Cohen’s cheap sordid tricks
Michael Cohen, President Donald Trump’s former personal attorney, is making a sleazy attempt to save his own skin by pandering to Democrats in Congress. They should turn him down flat.
Cohen was caught red-handed in a variety of misdeeds by federal investigators. Last year, he pleaded guilty to tax evasion, fraud, campaign finance violations — and lying to Congress.
He already has gotten one postponement in reporting to prison, for medical reasons related to surgery on his shoulder. He has been sentenced to three years behind bars.
Though Cohen is guilty of multiple crimes, special counsel Robert Mueller’s team has not linked his ex-client, Trump, to allegations of cooperating with the Russian government to influence the 2016 election. That failure was despite Cohen’s desperate attempt to throw the president under the proverbial bus.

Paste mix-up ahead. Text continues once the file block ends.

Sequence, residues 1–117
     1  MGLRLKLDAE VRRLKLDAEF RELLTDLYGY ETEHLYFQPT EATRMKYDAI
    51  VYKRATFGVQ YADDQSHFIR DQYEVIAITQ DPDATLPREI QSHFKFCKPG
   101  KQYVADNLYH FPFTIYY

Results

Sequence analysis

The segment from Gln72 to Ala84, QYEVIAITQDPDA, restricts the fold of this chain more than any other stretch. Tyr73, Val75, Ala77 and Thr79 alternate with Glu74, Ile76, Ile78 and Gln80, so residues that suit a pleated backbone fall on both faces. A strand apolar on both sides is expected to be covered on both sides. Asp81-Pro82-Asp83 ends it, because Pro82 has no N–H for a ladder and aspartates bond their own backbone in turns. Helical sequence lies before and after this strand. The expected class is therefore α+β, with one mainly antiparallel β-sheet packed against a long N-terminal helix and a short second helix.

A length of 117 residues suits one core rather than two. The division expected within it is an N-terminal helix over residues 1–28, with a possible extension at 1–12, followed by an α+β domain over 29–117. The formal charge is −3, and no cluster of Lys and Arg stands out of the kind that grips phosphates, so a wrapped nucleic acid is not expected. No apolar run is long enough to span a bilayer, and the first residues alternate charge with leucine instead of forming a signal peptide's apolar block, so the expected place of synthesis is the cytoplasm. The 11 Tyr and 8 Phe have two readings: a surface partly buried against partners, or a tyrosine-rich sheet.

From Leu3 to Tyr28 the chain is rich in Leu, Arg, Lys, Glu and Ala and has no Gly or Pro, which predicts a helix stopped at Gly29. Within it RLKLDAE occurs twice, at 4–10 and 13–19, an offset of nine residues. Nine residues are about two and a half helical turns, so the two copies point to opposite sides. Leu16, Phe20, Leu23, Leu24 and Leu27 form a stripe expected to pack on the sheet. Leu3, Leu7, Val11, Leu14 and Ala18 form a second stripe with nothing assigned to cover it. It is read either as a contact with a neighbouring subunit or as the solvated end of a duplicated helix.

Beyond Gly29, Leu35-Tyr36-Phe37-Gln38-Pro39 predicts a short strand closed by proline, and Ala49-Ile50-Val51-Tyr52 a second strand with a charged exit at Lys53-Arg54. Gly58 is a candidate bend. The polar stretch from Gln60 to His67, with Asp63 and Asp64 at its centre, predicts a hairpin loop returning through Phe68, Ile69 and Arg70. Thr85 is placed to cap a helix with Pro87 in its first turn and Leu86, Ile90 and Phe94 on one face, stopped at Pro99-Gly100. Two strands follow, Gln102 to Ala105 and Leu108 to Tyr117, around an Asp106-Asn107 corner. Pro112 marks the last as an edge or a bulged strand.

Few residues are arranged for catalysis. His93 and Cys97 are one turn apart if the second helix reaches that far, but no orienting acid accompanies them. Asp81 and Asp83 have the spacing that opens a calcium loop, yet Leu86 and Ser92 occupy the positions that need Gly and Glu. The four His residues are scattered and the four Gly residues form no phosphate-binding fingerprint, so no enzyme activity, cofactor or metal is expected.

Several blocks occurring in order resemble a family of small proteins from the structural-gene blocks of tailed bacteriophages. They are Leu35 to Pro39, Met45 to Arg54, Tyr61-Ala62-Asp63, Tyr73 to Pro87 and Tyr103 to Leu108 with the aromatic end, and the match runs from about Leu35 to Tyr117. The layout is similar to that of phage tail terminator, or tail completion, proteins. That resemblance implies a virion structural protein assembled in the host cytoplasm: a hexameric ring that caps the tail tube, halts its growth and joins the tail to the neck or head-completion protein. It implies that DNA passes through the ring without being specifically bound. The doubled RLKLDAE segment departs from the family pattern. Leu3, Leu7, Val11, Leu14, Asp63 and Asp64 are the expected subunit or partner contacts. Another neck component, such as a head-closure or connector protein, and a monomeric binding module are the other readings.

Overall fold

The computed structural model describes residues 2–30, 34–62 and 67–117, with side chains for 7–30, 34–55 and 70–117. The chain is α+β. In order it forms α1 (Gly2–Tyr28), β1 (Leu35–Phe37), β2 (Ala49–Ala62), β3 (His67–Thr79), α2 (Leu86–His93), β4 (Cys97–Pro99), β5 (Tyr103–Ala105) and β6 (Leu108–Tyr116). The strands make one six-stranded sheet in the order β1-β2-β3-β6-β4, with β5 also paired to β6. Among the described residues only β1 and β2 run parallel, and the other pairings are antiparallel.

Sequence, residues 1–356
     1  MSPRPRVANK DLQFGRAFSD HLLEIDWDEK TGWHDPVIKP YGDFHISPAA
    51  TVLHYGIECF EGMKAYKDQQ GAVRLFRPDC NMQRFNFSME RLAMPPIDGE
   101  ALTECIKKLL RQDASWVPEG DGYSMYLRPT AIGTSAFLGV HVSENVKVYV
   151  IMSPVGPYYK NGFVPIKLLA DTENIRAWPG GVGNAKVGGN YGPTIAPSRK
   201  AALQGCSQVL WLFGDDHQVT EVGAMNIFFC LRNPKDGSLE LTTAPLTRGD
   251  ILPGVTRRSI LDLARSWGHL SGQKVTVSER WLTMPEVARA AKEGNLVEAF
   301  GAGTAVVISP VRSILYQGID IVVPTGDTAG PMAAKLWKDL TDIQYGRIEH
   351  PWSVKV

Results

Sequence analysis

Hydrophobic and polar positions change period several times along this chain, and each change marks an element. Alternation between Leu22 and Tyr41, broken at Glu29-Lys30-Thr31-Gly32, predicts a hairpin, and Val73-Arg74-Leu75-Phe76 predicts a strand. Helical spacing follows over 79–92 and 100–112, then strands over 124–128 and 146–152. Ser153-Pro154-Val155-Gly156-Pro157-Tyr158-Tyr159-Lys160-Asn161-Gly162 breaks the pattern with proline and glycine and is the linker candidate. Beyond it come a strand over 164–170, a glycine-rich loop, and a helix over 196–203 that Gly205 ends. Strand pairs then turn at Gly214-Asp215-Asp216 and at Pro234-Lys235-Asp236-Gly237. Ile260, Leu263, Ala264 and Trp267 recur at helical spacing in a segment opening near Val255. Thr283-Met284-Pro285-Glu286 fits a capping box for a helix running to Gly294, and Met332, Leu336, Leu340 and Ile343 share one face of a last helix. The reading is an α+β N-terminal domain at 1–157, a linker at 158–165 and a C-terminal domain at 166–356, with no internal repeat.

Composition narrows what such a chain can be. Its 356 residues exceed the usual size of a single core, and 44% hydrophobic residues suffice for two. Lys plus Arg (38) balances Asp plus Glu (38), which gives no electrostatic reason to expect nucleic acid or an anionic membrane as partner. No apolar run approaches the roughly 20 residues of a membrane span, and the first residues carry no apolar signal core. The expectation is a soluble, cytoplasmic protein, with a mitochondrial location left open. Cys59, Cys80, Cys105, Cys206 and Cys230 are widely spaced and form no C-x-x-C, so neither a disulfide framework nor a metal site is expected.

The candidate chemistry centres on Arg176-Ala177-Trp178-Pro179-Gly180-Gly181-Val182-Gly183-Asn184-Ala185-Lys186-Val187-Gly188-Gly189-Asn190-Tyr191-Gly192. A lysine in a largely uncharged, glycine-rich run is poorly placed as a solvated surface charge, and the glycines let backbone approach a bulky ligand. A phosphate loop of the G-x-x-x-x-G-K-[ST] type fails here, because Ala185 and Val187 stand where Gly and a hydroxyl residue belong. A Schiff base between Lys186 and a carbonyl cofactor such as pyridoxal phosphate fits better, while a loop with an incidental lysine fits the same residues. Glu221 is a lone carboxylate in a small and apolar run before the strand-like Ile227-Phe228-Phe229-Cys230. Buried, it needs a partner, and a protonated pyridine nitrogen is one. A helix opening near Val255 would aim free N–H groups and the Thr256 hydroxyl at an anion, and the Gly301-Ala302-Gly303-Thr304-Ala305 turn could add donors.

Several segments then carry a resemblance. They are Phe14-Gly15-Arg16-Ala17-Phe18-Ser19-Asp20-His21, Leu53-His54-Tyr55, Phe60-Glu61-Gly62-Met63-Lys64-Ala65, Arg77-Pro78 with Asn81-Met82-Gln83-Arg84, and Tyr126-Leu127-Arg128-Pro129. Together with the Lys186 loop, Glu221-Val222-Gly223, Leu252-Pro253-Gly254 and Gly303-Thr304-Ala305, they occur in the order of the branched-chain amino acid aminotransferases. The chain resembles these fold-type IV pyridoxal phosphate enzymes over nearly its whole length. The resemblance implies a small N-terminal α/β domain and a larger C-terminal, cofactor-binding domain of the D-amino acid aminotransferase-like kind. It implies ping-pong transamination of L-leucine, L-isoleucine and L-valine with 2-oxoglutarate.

And Cohen seems to have little evidence of other wrongdoing. His accusations against Trump do not seem to have interested prosecutors enough for them to offer him a deal.
So Cohen is turning to Democrats in Congress. His lawyers have sent some leading lawmakers of that party letters offering to help them in their political vendetta against the president.
“To date, Mr. Cohen has located several documents that we believe have significant value to the various congressional oversight and investigation committees,” the attorneys wrote.
But — and you knew this was coming — going through all his evidence against Trump “requires substantial time,” and Cohen’s lawyers say he doesn’t have enough of it. He is scheduled to report to prison May 6.
Democrats in Congress should help Cohen gain another postponement, maybe even a lighter sentence, the attorneys suggested.
No doubt Trump’s foes salivated at the prospect of information they hope Cohen possesses. But if he had anything of value, why is he just now remembering it?
No, this is just another one of Cohen’s cheap, sordid tricks in an attempt to turn the political environment to his advantage.
Congressional Democrats should respond that they welcome any information Cohen has — but won’t trade their influence with prosecutors and, perhaps, judges in exchange for it.